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Core Course II: Post-socialist political regimes and socio-economic developments

Dr. Jan Wielgohs (Frankfurt Institute for Transformation Studies - European University Viadrina)


Course Description

Although during the transition period of 1989-1991, „democracy“, „rule of law“ and „market economy“ were declared as general reform goals in all formerly state-socialist countries of Europe and Central Asia, and despite a fundamental break with essential features of communist rule everywhere in the region, post-socialist transformation has produced a broad range of political regimes and socio-economic orders. Today, 20 years after the collapse of the Soviet type societal systems and the Soviet Union itself, Countries that belonged to the Eastern bloc can be found in all regime categories distinguished by Western scholars and think tanks, from “consolidated democracies” to “consolidated authoritarian regimes”. What do these societies have still in common, what is more than their communist past and justifies to label them altogether as “post-socialist”?

The leading theses of this course is that all these societies – characterized by “democracy” or “autocracy”, “neoliberal” or “neo-corporatist” capitalism -  have to cope with problems that can be understood as legacies of either the communist system or the early period of post-socialist transformation. The course offers introductory lectures providing an overlook over general developments, results and problems of political and socio-economic transformation, lectures and seminars on special issues such like particularities of post-socialist party systems, the impact of the recent global crisis on post-socialist economies or theories of transformation and reform. A number of seminars is reserved for students’ presentations dealing with special aspects of current political and social developments.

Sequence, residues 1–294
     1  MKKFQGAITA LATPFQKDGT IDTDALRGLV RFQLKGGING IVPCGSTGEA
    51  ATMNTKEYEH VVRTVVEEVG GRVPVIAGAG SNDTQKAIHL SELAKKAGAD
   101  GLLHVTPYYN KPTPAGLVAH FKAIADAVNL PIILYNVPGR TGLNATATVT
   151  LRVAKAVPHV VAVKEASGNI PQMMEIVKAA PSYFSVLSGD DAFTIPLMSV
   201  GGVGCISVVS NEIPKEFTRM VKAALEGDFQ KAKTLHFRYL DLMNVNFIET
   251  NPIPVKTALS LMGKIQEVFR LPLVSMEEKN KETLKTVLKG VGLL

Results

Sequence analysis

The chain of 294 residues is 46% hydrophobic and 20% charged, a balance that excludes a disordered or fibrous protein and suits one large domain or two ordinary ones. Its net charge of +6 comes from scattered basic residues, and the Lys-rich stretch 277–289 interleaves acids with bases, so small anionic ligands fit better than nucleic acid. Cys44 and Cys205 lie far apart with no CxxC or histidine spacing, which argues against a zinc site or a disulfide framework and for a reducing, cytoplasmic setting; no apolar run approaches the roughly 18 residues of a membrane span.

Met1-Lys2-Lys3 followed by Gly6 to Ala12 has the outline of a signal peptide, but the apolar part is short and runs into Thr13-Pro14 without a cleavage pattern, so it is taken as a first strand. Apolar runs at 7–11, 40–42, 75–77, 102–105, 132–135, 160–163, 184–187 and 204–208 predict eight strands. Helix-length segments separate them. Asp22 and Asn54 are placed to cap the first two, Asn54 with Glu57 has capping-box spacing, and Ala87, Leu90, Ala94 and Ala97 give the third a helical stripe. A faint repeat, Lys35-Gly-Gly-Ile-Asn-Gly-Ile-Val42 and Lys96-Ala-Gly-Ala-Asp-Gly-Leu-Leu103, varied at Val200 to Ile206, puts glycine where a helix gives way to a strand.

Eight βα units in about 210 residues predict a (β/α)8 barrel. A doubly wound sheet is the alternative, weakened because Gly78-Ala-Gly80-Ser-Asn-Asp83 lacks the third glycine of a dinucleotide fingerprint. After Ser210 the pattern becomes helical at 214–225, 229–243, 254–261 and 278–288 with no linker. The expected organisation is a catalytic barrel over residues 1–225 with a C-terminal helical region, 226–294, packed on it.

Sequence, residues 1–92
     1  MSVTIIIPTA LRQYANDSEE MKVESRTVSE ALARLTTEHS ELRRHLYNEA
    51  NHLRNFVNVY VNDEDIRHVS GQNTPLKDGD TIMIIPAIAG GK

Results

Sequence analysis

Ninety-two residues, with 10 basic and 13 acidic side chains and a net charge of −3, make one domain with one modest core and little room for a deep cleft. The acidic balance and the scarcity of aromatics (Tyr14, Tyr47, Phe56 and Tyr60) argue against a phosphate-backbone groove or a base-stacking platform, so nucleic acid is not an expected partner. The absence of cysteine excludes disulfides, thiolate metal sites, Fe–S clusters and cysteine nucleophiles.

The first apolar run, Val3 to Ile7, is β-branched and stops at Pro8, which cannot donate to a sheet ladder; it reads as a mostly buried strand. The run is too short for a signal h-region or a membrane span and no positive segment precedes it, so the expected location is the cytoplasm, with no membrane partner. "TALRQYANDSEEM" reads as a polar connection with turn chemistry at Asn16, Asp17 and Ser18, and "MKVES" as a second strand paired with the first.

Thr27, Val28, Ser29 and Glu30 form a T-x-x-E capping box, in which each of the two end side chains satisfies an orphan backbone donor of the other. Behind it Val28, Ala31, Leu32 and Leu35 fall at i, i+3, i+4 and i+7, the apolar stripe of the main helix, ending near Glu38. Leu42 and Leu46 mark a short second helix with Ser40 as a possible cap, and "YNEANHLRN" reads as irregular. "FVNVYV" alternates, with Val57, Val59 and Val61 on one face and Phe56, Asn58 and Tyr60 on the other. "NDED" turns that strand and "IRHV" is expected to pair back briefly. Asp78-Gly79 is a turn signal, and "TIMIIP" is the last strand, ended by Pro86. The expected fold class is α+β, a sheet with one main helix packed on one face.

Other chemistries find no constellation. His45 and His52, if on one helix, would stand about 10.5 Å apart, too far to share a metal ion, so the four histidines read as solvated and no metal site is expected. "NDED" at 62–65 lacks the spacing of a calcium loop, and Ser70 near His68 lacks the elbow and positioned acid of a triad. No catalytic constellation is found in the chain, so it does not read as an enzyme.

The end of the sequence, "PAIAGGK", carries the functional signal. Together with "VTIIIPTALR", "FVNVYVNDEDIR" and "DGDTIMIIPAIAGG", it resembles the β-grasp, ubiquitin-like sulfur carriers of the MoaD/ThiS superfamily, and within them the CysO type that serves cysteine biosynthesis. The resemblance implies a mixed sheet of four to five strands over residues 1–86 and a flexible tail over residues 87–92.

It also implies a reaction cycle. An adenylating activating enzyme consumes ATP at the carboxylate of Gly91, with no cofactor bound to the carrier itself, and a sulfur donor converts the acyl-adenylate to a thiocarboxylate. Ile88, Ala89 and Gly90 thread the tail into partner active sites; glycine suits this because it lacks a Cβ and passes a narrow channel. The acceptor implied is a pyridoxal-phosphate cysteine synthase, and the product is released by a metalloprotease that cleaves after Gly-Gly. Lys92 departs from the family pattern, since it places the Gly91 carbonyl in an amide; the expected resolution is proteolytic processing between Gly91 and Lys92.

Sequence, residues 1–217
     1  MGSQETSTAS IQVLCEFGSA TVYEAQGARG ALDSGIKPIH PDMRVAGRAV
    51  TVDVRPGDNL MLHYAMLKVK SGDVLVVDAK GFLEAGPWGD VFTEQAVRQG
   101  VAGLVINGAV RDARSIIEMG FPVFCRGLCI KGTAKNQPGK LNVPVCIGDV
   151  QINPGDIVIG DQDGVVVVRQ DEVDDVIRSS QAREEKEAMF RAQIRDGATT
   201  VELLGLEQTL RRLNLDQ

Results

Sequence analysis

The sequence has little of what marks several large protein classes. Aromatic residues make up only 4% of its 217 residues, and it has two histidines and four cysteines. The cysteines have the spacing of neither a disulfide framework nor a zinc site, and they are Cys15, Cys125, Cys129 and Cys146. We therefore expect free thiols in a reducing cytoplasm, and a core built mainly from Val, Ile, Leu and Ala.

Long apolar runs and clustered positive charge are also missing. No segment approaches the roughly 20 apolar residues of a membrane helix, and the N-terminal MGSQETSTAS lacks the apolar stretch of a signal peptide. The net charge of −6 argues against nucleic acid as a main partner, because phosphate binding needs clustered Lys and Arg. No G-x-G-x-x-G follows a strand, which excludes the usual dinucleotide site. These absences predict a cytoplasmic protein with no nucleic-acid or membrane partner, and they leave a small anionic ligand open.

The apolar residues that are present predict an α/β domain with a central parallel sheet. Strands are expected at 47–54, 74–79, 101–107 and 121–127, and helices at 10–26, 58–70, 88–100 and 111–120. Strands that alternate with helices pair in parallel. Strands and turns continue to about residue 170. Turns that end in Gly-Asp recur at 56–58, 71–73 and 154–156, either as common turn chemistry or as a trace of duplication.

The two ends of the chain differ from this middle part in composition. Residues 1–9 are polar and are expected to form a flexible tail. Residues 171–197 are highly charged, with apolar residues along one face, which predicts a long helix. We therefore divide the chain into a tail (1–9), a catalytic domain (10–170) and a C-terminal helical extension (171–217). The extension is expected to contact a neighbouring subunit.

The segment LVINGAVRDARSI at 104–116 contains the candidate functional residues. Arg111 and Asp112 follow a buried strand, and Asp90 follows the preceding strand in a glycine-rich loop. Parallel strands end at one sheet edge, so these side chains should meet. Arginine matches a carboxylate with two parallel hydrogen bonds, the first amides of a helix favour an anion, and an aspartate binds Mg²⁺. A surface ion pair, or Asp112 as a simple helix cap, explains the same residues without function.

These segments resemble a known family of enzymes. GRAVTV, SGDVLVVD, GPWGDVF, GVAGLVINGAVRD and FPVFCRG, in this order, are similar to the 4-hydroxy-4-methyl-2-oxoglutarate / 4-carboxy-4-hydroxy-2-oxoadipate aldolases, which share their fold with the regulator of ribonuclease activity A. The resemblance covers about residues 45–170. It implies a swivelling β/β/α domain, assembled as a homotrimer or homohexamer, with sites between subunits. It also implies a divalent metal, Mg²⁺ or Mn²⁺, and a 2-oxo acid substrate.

Basic Literature

Bunce, Valerie, 2008: The Task of Democratic Transition and Transferability. Orbis 52 (1), 25-40.

Crawford, B./ Lijphart. A., 1997: Old Legacies, New Institutions: Explaining Political and Economic Trajectories in Post-Communist Regimes. In: Beverly Crawford and Arend Lijphart (eds.): Liberalization and Leninist Legacies. Berkeley, CA: The Regents of the University of California, 1-39.

EBRD (European Bank of Reconstruction and Development), 2010: Transition Report 2010.

Elster, Jon, 1990: The Necessity and Impossibility of Simultaneous Economic and Political Reform. In: Piotr Ploszajski (Ed.): Philosophy of Social Choice. Warsaw: IFiS Publishers, 309-316/ für deutschsprachige Leser auch: Offe, Claus, 1991: Das Dilemma der Gleichzeitigkeit. Merkur 45 (4), 279-292.

Freedom House, 2010: Nations in Transit 2010.

Jowitt, Ken, 1992: The Leninist Legacy. In: Ken Jowitt: New World Disorder. The Leninist Extinction. Berkeley: University of California Press, 284-305.

Minkenberg, Michael/ Beichelt, Timm (Eds.), 2003: Cultural Lecacies in Post-socialist Europe. Frankfuret (Oder) [contributions of B. Crawford; A. Janos; F.Bönker/ J. Wielgohs)

Orenstein, Mitchell, 2008: Postcommunist Welfare States. Journal of Democracy 19 (4).